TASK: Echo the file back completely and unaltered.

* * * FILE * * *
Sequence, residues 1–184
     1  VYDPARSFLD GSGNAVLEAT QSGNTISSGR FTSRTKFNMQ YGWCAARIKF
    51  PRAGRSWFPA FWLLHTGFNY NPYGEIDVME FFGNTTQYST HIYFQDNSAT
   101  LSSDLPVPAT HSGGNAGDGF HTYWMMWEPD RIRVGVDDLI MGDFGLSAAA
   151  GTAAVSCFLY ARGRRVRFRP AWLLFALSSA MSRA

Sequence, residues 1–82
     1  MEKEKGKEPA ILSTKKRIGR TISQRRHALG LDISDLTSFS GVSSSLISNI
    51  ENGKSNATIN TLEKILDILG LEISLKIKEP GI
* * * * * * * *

Sequence, residues 1–184
     1  VYDPARSFLD GSGNAVLEAT QSGNTISSGR FTSRTKFNMQ YGWCAARIKF
    51  PRAGRSWFPA FWLLHTGFNY NPYGEIDVME FFGNTTQYST HIYFQDNSAT
   101  LSSDLPVPAT HSGGNAGDGF HTYWMMWEPD RIRVGVDDLI MGDFGLSAAA
   151  GTAAVSCFLY ARGRRVRFRP AWLLFALSSA MSRA

Sequence, residues 1–82
     1  MEKEKGKEPA ILSTKKRIGR TISQRRHALG LDISDLTSFS GVSSSLISNI
    51  ENGKSNATIN TLEKILDILG LEISLKIKEP GI